Colloquium: Jean-Pierre Wolf

    Date: 
    Thursday, March 10, 2016 - 3:30pm - 5:00pm
    Location: 
    Meinel 307
    Description: 

    Analysing and Controlling the Atmospherewith High Intensity Lasers

    Abstract(s): 

    Filamentation of multi TW-class lasers opened new perspectives in atmospheric research1. Laser filaments are self-sustained light structures of typically 100 um diameter and up to hundreds of meters in length, widely extending the traditional linear diffraction limit. They stem from the dynamic balance between Kerr self-focusing and defocusing by the self-generated plasma and/or negative higher-order Kerr terms2. New paradigms recently emerged from the self-organization of these laser filaments, associated to e.g., oceanic rogue wave dynamics or phase transition phenomena like percolation3.

    While propagating non-linearly in air, ultra-intense laser filaments generate a coherent supercontinuum (from 230 nm to 4 um) by self-phase modulation (SPM). This "white light laser" is an ideal source for Lidar (Light Detection and Ranging) measurements, as it covers the absorption bands of most atmospheric pollutants. Field applications, such as multi-pollutant analysis, remote detection and identification of bioaerosols (bacteria), and remote filament induced breakdown spectroscopy will be presented. Moreover, coherent control approaches using shaped femtosecond laser pulses showed unprecedented capabilities for discriminating molecules exhibiting almost identical linear spectra such as PAHs and proteins. Recently, we showed that the time-reversibility of filamentation allows to explicitly design the laser pulse shape so that propagation serves as a non-linear field synthesizer at a remote target location in order to enforce coherent control strategies at a distance.

    Laser filaments recently gave rise to other spectacular atmospheric applications: The control of lightning strikes and of water condensation. Using the Teramobile laser system, we first demonstrated the capability of filaments to trigger Megavolt discharges in the laboratory. Real scale experiments were then carried out, at the Langmuir Laboratory in New Mexico. Discharges triggered by the laser within thunderclouds could be clearly identified4. Although no lightning strike could be guided towards the Earth, these results provide a significant step towards laser based lightning control.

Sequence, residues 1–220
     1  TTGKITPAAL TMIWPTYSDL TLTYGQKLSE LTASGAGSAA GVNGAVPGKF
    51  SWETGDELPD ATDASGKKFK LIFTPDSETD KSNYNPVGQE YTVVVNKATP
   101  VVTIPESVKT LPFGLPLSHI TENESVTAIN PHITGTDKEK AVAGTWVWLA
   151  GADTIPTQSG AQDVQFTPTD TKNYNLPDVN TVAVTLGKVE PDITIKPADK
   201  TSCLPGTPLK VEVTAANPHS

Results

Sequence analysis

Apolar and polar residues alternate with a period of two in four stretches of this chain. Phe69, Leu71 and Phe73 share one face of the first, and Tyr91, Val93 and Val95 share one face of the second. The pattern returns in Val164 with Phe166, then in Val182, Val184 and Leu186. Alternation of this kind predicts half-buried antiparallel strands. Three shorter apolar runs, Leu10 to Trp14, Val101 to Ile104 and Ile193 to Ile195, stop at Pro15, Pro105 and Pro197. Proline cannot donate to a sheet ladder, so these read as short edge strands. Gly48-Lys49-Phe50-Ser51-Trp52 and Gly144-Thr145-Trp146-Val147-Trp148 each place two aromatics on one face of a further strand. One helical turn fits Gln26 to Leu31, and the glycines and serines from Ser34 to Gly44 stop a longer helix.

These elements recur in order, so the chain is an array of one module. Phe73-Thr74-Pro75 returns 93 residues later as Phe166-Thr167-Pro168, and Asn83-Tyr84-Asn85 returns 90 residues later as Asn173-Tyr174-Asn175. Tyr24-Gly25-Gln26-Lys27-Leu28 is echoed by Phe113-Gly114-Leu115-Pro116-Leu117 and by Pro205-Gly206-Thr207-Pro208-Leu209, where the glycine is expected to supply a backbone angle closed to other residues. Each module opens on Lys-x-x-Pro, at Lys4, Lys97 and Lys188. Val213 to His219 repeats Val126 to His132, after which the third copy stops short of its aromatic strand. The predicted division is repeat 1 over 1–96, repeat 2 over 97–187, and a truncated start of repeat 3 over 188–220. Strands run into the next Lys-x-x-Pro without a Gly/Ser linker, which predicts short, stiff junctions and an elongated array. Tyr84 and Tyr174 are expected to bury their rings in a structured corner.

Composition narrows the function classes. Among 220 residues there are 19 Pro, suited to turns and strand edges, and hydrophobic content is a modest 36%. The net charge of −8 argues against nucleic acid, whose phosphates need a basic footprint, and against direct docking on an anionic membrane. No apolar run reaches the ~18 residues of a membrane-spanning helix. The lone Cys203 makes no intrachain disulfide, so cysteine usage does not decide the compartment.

Based on field experiments in various atmospheric conditions, we showed that laser filaments can induce water condensation and fast droplet growth up to several µm in diameter in the atmosphere5 as soon as the relative humidity (RH) exceeds 70%. This effect mainly relies on photochemical mechanisms allowing efficient binary H2O–HNO3 condensation6. Thermodynamic as well as kinetic numerical modelling based on this scenario semi-quantitatively reproduces the experimental results, supporting this interpretation. Finally, using the AIDA cloud chamber in Karlsruhe, we investigated the possible modulation of the cirrus clouds albedo by manipulating the size distribution of these ice crystals using high intensity lasers, and discovered that radiative forcing properties of these clouds can potentially be inverted by high intensity laser’s radiation7.

    1J. Kasparian et al, Science 301, 61-64 (2003)

    2P. Bejot et al, Phys.Rev.Lett. 104, 103903 (2011)

    3W. Ettoumi et al,  Phys.Rev.Lett.114, 063903 (2015)

    4J. Kasparian et al, Opt. Express 16,  5757-5763 (2008)

    5P. Rohwetter et al, Nature Photonics 4, 451 - 456 (2010)

    6S.Henin et al, Nature Communications. 2, 456 (2011)

    7T. Leisner et al, PNAS110, 10106-10110 (2013)

    Speaker Bio(s): 

    After having lead research projects at the ETH-Lausanne and the University Berlin and being a Professor at the University Lyon and visiting Professor at Yale University, Prof. J.P. Wolf joined the University of Geneva in 2005. Since then he set up a new team at the Group of Applied Physics (GAP), dedicated to the biomedical and atmospheric  applications of ultrashort lasers (www.gap.unige.ch/biophotonics). His current activities concentrate on advanced non-linear microscopy and imaging of living cells and applications of laser filamentation to atmospheric monitoring. He was awarded an ERC Proof of Concept Grant  in 2013, an ERC Advanced Grant in 2011, the Prix La Recherche in 2005, the Grand Prix de Physique de l’Academie des Sciences (France) in 2002, and the Technology Award of the Land Berlin-Brandenburg in 1993. He is member of the Institut Universitaire de France since 1996 and NATO Senior Fellow.